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Wound Care at Home

Patient hand being bandanged

Definitions

Wound:
a cut or a break in the skin. Sometimes there will be dressings on your wound.

Drainage:
fluid that comes from your wound.

Steps to Caring for Your Wound

Get the Right Supplies

Depending on your wound, you may need certain kinds of supplies. Supplies needed for most dressing changes include:

  1. Clean hands
  2. Cleaning product like mild soap and water or saline (salt water)
  3. Gauze
  4. Tape

Remove the Old Dressing

Dressings should be changed once a day. You also need to change your dressing when it is damp, "soiled" (dirty), or falling off. Gently lift the edge of your dressing, making sure to hold the skin around your wound to prevent pulling.

Once the dressing is removed, check to see if there is redness and swelling. Look at the amount of drainage on the dressing and check for a bad smell.

Clean and Dry Your Wound

Follow these steps to clean your wound:

  1. Wash your hands.
  2. Gently clean the skin around your wound with warm water and mild soap (or saline, if your nurse or doctor suggested it). A small amount of blood is normal.
  3. Rinse the wound itself with water and gently pat dry.

Put on a New Dressing

These steps are to be followed for most simple wounds (example: those from surgery that are healing well).

  1. Place clean, dry gauze over your wound.
  2. Cover the damp gauze with dry gauze.
  3. Use tape to hold the gauze in place.
  4. Put all of the dirty and old dressing supplies in the garbage.
  5. Wash your hands.

Once there is no more drainage from your wound, there is no need to cover it. Leaving the dressing off when there is no drainage will help your wound heal quicker.

Stitches and Staples

Stitches will often dissolve (disappear) by themselves. Some do need to be cut out. Staples and stitches are usually removed 10-14 days after they are put in. Facial stitches are often removed sooner. Your discharge summary will tell you the exact day for your staples or stitches to come out.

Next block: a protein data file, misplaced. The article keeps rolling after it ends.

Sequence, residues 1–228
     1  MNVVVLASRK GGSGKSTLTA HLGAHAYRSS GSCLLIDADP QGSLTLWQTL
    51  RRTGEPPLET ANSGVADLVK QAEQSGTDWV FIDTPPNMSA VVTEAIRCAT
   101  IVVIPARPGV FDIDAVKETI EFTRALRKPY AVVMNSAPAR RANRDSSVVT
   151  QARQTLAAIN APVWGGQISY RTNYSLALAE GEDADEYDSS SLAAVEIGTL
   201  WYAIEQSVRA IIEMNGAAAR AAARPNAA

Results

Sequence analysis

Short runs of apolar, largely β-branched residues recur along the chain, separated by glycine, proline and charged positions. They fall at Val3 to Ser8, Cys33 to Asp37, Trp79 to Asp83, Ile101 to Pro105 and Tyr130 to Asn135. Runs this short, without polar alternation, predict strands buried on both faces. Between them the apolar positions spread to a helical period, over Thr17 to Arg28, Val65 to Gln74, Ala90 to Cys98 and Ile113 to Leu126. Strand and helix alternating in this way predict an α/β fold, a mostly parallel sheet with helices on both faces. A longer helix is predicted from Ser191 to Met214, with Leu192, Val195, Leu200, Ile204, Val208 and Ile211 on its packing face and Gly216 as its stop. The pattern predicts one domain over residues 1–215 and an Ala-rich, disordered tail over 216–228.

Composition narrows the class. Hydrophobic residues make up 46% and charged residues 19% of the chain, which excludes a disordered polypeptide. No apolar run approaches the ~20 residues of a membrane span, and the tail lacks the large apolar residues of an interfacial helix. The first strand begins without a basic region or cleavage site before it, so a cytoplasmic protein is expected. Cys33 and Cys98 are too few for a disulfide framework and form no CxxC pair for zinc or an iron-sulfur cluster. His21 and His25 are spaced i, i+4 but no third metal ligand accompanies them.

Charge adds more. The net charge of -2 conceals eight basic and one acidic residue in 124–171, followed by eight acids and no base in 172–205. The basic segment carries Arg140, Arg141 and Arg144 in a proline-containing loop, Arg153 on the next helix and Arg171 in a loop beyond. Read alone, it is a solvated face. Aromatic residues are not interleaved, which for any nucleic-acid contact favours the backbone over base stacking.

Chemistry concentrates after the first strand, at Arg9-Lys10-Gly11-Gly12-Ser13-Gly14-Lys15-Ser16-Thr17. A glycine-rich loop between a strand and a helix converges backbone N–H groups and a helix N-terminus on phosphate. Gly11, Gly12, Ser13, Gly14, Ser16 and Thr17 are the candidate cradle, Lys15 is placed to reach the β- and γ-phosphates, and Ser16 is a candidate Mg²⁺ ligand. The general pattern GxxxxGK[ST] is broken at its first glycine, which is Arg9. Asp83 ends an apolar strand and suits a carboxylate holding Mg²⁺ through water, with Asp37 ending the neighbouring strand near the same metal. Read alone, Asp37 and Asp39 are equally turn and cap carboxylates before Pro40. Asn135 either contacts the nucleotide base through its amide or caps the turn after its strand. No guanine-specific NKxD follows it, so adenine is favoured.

Please see your family doctor or go to a walk-in clinic to have them taken out. A staple remover will be given to you when you leave the hospital. Please take it to your appointment.

Bathing and Showering

You are able to shower when you get home unless your nurse or doctor said something different. Avoid baths until your doctor gives you the "ok". You may rinse the wound with mild soap and water or you can leave your dressing on and change the dressing after your shower.

When to Call Your Doctor

It is important you know the signs and symptoms of infection so you can get help. Call your family doctor or your Sunnybrook doctor if you notice any of these changes to your wound:

  • Redness that increases over hours and/or spreads more than ½ inch from wound
  • Much more pain than usual
  • Significant swelling
  • A lot of bleeding (not stopped by applying pressure to the wound with gauze or bandage)
  • Getting larger or deeper
  • Drainage or pus is increasing, becoming thick, tan, green, yellow, or smells bad
  • You have a fever of higher than 38°C (or 100.5°F)